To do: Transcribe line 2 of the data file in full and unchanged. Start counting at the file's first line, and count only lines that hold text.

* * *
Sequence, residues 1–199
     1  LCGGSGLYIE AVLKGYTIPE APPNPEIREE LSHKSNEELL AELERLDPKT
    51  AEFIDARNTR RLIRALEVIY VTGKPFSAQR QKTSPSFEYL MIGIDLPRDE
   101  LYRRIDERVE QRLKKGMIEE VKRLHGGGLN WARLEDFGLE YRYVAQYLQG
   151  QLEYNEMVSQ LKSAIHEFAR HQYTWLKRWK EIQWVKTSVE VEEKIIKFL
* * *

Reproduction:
     1  LCGGSGLYIE AVLKGYTIPE APPNPEIREE LSHKSNEELL AELERLDPKT